Pressed flower craft consists of drying "flower petals and leaves in a flower press to flatten and exclude "light and moisture. Pressing flowers makes them appear flat, and often there is a change in "color, ranging from faded colors to a greater intensity of vibrant colors. It has long been practiced as an art form in Japan, where it is known as Oshibana (押し花), and in China. Outside of Asia, the art gained popularity in "England during the "Victorian era and has experienced a revival in the last 30 years or so. It is currently used in the "United States by some recognized artists including "Cellestine Hannemann and Janie Gross, and in Australia.
The pressed "flowers and leaves can be used in a variety of "craft projects. They are often mounted on special "paper, such as "handmade paper, "Ingres paper, "Japanese paper, or paper decorated by "marbling. With meticulous attention to detail, each leaf and flower is glued onto a precise location. With a creative approach to the use of materials, a leaf becomes a tree and petals form mountains.["citation needed]
Washes of "watercolor painting are sometimes applied to the backing paper before the pressed material is attached. Pressed material may also be mounted on fabrics, such as "velvet, "silk, "linen or "cotton.["citation needed]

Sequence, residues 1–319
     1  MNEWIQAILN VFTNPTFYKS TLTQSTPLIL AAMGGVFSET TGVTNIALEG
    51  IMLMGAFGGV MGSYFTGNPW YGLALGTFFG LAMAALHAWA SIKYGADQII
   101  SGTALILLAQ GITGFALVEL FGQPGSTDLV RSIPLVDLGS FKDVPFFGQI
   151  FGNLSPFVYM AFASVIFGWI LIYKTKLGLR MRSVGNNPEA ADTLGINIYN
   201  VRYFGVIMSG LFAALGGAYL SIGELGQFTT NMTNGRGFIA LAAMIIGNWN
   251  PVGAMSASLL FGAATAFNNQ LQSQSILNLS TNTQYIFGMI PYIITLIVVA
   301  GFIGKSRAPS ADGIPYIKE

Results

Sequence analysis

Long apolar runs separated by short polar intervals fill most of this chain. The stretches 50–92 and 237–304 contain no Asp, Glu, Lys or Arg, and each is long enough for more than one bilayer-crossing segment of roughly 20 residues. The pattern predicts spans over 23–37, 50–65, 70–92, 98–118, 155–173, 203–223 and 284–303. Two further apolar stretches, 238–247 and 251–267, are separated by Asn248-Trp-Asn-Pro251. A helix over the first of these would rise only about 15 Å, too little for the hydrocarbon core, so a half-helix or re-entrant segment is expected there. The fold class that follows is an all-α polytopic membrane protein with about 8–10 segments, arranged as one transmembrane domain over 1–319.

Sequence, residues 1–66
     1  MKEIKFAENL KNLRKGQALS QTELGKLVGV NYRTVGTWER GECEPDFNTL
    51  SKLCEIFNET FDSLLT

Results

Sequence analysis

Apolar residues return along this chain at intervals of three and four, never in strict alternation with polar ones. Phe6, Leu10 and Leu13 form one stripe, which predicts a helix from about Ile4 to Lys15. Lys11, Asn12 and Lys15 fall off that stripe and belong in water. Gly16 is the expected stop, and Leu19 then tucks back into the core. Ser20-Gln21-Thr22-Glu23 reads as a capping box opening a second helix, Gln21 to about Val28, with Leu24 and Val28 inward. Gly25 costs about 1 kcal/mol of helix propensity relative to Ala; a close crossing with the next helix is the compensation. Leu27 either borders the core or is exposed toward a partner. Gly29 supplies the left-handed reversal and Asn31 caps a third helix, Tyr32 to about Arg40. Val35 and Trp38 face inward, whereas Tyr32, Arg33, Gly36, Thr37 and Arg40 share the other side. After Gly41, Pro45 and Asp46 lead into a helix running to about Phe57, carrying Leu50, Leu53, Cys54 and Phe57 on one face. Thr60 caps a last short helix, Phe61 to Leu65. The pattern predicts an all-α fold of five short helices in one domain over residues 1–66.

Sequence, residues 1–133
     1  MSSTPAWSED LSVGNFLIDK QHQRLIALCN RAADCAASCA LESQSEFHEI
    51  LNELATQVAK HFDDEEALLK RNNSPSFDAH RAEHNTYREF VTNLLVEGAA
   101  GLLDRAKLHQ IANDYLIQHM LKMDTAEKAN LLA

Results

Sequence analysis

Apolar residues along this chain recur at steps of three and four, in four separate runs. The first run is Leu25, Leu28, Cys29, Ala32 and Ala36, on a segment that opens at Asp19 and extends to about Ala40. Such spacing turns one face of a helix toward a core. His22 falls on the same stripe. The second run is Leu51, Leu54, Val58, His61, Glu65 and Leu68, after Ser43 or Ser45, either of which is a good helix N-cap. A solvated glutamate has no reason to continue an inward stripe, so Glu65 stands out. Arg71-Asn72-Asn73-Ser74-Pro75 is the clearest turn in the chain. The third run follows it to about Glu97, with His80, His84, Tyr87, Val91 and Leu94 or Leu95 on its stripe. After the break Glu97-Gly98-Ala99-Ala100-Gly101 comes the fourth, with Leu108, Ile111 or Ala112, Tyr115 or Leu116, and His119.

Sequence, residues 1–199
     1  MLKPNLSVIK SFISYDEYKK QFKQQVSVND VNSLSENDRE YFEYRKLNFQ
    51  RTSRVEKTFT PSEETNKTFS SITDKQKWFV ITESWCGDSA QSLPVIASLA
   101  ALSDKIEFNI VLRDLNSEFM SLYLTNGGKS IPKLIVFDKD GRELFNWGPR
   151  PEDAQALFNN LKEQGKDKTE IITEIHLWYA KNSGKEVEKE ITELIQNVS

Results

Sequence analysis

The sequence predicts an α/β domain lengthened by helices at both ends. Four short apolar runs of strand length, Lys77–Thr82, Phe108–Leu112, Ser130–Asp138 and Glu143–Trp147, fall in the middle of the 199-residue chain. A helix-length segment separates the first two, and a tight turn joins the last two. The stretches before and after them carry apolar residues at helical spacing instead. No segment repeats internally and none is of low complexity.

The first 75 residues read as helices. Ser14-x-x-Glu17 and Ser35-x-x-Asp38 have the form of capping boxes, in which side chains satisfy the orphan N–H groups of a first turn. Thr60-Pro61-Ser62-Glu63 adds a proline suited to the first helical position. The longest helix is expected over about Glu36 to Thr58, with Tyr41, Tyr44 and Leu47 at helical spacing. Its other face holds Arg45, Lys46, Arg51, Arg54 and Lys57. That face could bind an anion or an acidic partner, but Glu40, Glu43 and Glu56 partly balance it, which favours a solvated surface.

The Pressed Flower Craft Guild was established in 1983 by Joyce Fenton (a pressed flower artist) and Bill Edwardes (who devised the method of framing pressed flower pictures adopted by the Guild). It has members throughout the UK and in other parts of the world.
Its stated aims are:
Proficiency awards in a number of different specialities may be attained after the Gold Award is gained. The Overseas Advanced Award may be taken by overseas members who have gained the Grade I and Grade II awards. A different subject for both of these awards is announced annually.
The IPFAS in an international pressed flower organization that promotes pressed flower art and offers education and holds competitions. It has members from over 20 nations (as of 2010) including Japan, the United Kingdom, United States, France, Germany, Mexico, and Australia. It was founded in 1999 by Nobuo Sugino, a Japanese pressed flower artist and President of Japan Wonderful Oshibana Club.
The WWPFG was established in July 2001. In November 2008, the guild was incorporated in North Carolina, USA as a public educational non-profit organisation.